5. Brewtown Tales, by John Gurda
6. Braiding Sweetgrass, by Robin Wall Kimmerer
7. South to America, by Imani Perry
8. Aftermath, by Harald Jähner
9. All About Love, by bell hooks
10. Owning Grief, by Gael Garbarino Cullen

It's the second week out in paper and the second week on our bestseller list for South to America: A Journey Below the Mason-Dixon to Understand the Soul of a Nation, by Imani Perry, winner of the National Book Award. Book Marks had 5 raves, two positives, and a mixed. I learn of new review organs all the time - one of the raves comes from On the Seawall from regular reviewer Mark Athiakis. From the review: "Imani Perry’s rangy, observant book, South to America, is in large part an attempt to undo that reflex, to expose multiple Souths. Indeed, she argues, conventional wisdom has it exactly backward: the resistance to the diversity of the South reveals a racist instinct to apply uniformity that has infected the rest of the country. Rural Floridians are not Alabamans are not Appalachians are not Black Belters, but north of the Mason-Dixon line, the scapegoating instinct is the same. 'I have learned in the course of my travels that there are ‘Souths,’ plural as much as singular,' she writes."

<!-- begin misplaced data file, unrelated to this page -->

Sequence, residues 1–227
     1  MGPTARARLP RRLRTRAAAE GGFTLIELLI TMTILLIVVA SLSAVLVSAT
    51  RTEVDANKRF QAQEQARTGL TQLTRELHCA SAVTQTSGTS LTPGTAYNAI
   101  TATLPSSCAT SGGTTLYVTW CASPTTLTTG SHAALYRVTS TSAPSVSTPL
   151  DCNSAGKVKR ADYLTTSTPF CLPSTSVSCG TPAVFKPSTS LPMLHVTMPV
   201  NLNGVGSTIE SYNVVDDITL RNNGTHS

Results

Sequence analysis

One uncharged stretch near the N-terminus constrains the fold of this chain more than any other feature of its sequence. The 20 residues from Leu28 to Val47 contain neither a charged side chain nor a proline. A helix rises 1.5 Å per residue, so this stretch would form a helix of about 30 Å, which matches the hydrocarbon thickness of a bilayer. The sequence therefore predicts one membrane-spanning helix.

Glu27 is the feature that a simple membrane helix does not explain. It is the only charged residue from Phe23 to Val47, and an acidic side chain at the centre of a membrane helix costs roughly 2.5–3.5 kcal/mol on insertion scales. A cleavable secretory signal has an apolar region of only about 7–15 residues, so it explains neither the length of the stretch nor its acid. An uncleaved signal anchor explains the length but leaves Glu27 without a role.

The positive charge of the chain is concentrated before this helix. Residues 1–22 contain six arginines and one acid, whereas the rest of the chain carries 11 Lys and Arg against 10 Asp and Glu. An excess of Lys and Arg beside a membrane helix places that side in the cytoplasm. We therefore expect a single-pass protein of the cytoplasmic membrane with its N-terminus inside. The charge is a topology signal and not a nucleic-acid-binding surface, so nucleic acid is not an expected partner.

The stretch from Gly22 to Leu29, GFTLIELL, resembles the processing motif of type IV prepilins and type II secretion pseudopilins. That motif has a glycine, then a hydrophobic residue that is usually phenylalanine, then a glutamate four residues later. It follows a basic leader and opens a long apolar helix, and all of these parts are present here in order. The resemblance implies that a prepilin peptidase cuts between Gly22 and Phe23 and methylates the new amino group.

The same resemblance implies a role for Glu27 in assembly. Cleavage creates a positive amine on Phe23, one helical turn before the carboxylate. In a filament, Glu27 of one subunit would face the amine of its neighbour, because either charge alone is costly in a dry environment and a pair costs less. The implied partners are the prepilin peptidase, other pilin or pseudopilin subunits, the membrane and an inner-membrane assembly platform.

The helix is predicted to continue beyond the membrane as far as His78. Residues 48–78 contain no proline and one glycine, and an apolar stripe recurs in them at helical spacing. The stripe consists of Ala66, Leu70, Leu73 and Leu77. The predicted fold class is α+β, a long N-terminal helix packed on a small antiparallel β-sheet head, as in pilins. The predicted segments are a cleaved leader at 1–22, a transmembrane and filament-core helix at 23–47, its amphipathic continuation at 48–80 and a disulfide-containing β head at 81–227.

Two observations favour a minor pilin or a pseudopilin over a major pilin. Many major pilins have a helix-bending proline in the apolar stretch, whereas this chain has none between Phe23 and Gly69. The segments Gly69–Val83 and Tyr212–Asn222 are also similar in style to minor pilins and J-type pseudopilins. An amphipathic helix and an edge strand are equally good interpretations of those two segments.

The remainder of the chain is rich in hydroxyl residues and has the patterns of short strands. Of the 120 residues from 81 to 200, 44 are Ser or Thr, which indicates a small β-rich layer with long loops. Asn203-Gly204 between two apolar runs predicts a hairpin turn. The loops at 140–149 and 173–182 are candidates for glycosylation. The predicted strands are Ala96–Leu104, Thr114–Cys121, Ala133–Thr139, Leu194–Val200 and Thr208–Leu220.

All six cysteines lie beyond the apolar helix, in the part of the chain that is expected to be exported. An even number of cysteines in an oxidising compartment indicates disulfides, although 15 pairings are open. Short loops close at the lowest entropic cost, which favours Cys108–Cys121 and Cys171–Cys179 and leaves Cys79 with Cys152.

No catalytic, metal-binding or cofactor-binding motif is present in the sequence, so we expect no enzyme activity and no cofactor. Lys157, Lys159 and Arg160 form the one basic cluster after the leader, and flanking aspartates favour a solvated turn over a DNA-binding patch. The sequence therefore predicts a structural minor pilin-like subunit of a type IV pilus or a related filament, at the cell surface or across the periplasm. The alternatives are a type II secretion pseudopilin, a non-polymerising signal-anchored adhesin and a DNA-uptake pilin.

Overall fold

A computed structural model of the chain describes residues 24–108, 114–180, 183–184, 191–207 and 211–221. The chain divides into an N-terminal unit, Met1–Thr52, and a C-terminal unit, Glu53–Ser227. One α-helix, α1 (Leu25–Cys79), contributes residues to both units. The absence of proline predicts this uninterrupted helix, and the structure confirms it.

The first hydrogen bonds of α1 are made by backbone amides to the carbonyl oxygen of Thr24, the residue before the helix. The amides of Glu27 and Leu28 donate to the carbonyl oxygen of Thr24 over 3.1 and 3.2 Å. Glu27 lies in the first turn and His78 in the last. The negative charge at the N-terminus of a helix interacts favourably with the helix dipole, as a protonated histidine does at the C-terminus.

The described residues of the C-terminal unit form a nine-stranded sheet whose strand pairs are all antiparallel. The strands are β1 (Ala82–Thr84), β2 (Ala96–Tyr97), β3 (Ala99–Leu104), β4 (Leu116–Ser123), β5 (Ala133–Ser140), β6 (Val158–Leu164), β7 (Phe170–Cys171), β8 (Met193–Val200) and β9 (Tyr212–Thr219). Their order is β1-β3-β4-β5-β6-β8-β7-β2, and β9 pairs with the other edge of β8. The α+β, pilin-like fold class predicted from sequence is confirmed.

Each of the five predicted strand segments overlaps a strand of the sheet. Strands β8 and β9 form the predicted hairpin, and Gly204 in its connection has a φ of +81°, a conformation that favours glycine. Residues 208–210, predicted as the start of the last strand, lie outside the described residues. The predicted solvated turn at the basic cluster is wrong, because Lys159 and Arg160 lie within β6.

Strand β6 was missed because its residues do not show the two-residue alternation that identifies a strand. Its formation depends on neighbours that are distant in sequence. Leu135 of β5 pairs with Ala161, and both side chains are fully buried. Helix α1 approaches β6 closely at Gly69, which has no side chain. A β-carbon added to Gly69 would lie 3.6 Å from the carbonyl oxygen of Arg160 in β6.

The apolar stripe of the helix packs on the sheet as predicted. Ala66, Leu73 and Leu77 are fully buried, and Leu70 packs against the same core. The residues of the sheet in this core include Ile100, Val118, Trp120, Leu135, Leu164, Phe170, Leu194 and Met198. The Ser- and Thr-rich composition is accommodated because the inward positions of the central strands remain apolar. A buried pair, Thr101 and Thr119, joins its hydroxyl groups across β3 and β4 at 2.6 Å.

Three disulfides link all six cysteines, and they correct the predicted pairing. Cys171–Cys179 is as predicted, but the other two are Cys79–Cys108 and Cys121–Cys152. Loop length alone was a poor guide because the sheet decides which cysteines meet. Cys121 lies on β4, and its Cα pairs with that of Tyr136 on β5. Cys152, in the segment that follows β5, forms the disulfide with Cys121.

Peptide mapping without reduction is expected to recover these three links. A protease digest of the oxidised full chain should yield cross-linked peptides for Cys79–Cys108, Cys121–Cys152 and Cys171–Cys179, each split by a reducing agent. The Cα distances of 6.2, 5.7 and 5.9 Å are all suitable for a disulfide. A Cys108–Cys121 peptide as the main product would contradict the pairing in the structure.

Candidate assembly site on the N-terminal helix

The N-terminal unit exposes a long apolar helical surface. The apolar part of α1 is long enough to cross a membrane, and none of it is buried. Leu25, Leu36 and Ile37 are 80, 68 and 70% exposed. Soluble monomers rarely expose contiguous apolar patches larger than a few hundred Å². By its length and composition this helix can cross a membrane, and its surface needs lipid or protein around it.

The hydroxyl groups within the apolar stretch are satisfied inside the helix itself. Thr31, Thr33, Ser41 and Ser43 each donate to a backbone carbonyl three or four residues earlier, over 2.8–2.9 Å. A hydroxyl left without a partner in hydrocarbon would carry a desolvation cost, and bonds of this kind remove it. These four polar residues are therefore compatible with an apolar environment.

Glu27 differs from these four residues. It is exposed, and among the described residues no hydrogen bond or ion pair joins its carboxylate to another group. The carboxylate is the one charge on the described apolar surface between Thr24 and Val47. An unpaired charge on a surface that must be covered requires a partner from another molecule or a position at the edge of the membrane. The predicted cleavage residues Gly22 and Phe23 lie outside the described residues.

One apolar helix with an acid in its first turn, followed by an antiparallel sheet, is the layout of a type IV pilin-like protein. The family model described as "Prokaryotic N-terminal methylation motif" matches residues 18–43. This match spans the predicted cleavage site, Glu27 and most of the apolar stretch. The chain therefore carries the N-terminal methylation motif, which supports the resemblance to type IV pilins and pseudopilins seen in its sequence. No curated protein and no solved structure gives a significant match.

Books for Kids:
1. When Sea Becomes Sky, by Gillian McDunn
2. The Golden Egg Book (two editions), by Margaret Wise Brown
3. Honestly Elliott, by Gillian McDunn
4. The Assignment, by Liza Wiemer
5. Queen Bee and Me, by Gillian McDunn
6. Peekaboo Moon, by Camilla Reid, illustrations by Ingela P Arrhenius
7. How Do You Live, by Genzaburo Yoshino
8. Goodnight Moon board book, by Margaret Wise Brown
9. Leeva at Last, by Sara Pennypacker
10. Hot Dog, by Doug Salati

We were lucky enough to work with Gillian McDunn on a day of schools visits for When Sea Becomes Sky. This heartfelt middle grade book had starred reviews from Bookpage and nice writeups from everywhere else. Like Just Harriet and Harriet Spies, this is a mystery set on an island, though Pelican Island is on the North Carolina marsh. Kirkus writes: "The pages shine with love, loss, and a sense of place; autobiographical ties to the story are explained in the author's note. Atmospheric illustrations help bring to life the island setting. A mystery that, as it is uncovered, becomes something much more profound."